So much to say.
So many lessons.
I feel as though the building of this house has speed-brought me to me. To the grown up me. I feel as though these last four months have peeled off old layers (some of them not quite ready to go and therefore a bit painfully) and here I am on the other side: a little raw, a little fresh, a lot altered.
The morning after the banner went up on my house and on several houses in the neighborhood, I drove an hour and a half to the municipal office, where I was to meet the judge. It was a quiet town, pleasant and still waking up as I made sure to arrive early in case there would be a wait.
A guard in front of the big wooden door. He let me in to the cool waiting room where a lady sat behind a desk. I handed her my paper and told her that I was here to see the judge. The lady judge, in fact.
I felt ready to plead my case. To explain that I had been assured several times that no permits were needed "because we did not have access to services." That I had now learned that this was not the case, that I was so very close to finishing my house, and that the rain was coming any day now and could we please please install the doors? That I was sorry, too.
And I was sorry.
I did not like having broken a law, "taken" something without the right protocol. It felt arrogant on my part.
The lady took my paper, looked at it, confirmed that I was here to see "the jueza," and to please sit down.
I really had to pee but there was no way I was risking missing my interview, or whatever this was going to be.
So I sat there, knowing it could be a long time. I would squirm for as a long as was needed.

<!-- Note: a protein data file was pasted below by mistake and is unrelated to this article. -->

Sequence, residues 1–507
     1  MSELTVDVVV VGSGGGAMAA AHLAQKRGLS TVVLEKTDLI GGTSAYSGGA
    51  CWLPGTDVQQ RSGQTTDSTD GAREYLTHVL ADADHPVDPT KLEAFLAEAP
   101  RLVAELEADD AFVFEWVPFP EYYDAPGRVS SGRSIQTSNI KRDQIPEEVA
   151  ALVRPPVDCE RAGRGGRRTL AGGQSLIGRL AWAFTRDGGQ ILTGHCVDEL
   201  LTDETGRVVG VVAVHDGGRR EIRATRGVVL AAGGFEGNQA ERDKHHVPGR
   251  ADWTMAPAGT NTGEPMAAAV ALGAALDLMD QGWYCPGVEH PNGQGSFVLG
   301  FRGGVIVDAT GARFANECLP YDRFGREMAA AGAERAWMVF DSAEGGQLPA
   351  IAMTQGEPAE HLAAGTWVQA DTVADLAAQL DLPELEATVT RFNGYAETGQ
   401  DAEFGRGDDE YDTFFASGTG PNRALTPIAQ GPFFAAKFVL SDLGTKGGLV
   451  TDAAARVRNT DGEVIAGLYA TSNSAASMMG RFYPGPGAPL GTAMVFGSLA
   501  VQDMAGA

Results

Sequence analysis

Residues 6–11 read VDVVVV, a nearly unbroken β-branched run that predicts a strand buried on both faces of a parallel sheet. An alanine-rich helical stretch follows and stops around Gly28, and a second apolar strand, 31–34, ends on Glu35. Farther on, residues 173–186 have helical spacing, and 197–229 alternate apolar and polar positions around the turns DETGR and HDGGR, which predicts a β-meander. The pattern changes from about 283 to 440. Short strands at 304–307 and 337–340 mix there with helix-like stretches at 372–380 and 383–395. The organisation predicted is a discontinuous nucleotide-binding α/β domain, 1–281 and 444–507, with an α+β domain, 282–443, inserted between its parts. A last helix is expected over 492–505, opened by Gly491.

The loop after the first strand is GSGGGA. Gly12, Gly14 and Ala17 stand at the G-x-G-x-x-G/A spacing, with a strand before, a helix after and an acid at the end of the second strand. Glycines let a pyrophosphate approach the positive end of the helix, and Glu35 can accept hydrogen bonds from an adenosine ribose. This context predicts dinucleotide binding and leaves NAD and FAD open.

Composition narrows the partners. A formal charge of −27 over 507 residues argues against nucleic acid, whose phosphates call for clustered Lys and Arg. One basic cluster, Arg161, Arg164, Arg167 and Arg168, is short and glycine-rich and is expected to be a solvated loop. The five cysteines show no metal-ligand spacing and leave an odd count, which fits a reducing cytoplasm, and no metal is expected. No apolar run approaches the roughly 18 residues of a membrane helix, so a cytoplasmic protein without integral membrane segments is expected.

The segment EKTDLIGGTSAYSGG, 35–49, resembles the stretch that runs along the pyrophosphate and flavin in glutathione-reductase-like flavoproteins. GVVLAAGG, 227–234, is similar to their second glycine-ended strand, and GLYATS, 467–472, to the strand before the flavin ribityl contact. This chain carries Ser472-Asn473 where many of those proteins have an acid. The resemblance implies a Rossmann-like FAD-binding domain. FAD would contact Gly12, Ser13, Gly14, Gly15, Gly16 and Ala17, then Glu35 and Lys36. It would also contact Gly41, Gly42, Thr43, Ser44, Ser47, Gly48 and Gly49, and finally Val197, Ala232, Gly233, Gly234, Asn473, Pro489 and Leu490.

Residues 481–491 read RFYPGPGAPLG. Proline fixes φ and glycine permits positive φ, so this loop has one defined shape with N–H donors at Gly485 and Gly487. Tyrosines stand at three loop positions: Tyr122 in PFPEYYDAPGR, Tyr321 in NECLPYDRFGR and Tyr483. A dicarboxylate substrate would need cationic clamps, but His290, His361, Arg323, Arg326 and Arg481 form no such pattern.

But within minutes the door opened and a very tall man ushered me into the office where I assumed I would meet her, the special judge who would decide my fate.
Of course, that's not how it happened.
Instead, he had me sit on a chair in front of him, while he remained standing, towering over me. Asked me for the paper again.
I soon realized he was it. No lady judge, just this man who consciously or not was determined to point out how big he was - and how small I was. I could deal with that.
I took a breath and started to explain: the not knowing, the rain, the windows, the being sorry.
He never acknowledged any of it. Instead he took a photocopy of my residency card, kept the paper and said that he would talk with the judge and would let me know her decision in the next two days. That I would then have to go to another office, in another town (the town where I had received my residency card) and get all my permits in order.
I asked if I could do this today and he nodded.
I asked if he could please make me a copy of the paper. He said his copy machine only made copies of IDs. He said I could take a photo if I wanted. I wanted. Then gave me his phone number so I could check in with him.
Out the big wooden door I went, no paper, no resolution except my own resolution to do whatever I could to get this big banner off my house as soon as possible.
I got in the car and headed away from home, towards that big office where things happen - and where I remember them having decent carrot cake.